New Saint Andrews College graduates go on to attend graduate school (approximately 1 in 3) at prominent institutions like Duke, Notre Dame, Oxford, Princeton, Vanderbilt, and the Wharton School, and enter lifelong careers in business, writing, film, economics, education, law, technology, and ministry.

Distinctively, New Saint Andrews College has developed an Index for measuring the teaching and learning outcomes of pure classical Christian great books colleges – institutions with special educational missions that inspire students to read great books, learn lifelong lessons of ethics and integrity, and write powerful theses on the road to learning to lead. By way of example, here are several illustrative rubrics, which evaluate the institutional effectiveness of New Saint Andrews College and similarly purposed pure classical Christian great books college:

  • What percent of total classes were taught by teaching assistants or adjunct faculty?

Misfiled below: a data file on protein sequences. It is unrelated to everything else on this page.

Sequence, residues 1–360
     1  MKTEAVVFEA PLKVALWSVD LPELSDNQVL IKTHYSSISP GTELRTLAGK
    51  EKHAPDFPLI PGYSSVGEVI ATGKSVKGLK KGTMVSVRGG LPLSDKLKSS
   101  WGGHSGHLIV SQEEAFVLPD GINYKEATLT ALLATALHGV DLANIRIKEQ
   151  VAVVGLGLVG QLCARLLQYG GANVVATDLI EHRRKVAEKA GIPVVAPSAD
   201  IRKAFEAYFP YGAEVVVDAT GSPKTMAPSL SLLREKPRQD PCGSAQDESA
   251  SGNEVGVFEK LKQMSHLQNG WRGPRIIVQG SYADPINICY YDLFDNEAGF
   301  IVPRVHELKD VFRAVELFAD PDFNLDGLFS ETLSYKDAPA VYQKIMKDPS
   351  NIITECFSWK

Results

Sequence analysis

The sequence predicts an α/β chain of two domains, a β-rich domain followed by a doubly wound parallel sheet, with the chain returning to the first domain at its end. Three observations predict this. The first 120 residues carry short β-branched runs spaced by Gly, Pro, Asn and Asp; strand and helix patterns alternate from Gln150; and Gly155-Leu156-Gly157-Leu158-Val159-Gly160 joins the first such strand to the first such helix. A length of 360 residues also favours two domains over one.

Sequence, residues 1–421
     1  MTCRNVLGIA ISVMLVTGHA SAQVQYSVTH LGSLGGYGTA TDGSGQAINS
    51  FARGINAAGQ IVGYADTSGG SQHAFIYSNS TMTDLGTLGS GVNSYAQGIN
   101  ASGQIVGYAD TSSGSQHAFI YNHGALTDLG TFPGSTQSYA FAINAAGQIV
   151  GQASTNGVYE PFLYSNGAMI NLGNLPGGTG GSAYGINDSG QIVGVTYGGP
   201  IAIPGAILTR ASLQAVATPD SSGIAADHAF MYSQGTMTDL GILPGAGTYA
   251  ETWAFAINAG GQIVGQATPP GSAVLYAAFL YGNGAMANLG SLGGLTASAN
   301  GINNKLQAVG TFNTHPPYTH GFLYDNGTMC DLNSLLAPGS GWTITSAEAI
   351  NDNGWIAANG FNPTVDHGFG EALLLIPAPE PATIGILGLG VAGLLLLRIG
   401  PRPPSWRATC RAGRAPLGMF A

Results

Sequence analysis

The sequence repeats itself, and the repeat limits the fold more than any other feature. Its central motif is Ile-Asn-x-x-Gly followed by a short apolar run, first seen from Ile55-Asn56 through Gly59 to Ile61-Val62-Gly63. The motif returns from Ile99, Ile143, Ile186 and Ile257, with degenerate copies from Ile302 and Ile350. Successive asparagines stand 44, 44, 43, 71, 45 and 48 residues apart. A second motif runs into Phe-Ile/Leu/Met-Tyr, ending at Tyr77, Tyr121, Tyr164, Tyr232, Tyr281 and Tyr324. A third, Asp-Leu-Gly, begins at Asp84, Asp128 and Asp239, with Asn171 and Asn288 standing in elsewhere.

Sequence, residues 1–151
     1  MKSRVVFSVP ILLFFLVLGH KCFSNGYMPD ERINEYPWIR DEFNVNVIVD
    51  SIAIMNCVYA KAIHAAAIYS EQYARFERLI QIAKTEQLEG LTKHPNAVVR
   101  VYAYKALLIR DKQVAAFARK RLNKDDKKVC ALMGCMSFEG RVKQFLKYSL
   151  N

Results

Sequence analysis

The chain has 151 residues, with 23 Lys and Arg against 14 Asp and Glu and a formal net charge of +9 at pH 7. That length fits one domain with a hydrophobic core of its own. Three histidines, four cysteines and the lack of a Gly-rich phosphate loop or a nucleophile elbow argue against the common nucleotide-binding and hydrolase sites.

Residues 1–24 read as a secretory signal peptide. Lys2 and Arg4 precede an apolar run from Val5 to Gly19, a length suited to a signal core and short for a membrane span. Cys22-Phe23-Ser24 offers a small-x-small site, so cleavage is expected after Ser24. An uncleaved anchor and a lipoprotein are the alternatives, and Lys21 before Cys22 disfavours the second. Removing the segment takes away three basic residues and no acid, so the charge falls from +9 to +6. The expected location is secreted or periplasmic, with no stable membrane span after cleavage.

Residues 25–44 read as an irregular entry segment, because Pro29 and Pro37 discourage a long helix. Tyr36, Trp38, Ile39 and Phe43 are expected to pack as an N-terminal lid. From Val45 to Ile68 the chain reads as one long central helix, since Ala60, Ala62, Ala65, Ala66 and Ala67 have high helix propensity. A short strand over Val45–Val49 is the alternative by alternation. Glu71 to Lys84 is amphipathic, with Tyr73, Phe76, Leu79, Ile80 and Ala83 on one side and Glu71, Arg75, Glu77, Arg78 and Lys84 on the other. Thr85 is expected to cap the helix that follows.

• How often each week do students meet with faculty in groups of ten students or less?
  • How many times, over the course of a typical year, do students personally defend an idea or a position to a faculty member?
  • How many times are students required to speak to an audience of more than forty people?
  • How many “great books” do students read during their undergraduate learning experience?
  • Do students write and defend an undergraduate thesis?
  • How many concerts, plays, or other public performances do students participate in?
  • After graduation from college are students gainfully employed in their chosen career fields or continue on to graduate school?

What these great books colleges have in common is that they share the celebration of classical liberal arts education without dependence on federal student financial aid and the strictures of the regulatory environment that can often dilute a truly pure liberal arts learning environment. Graduates are prepared for future success through reading and discussing the great books of our time at institutions producing quality education and economic value without dependence on or entanglements with an increasingly officious federal bureaucracy. 

—James Martin and James E. Samels, Future Shock columnists, are authors of The Provost’s Handbook: The Role of the Chief Academic Officer (Johns Hopkins University Press, 2015). Martin is a professor of English at Mount Ida College (Mass.) and Samels is president and CEO of The Education Alliance.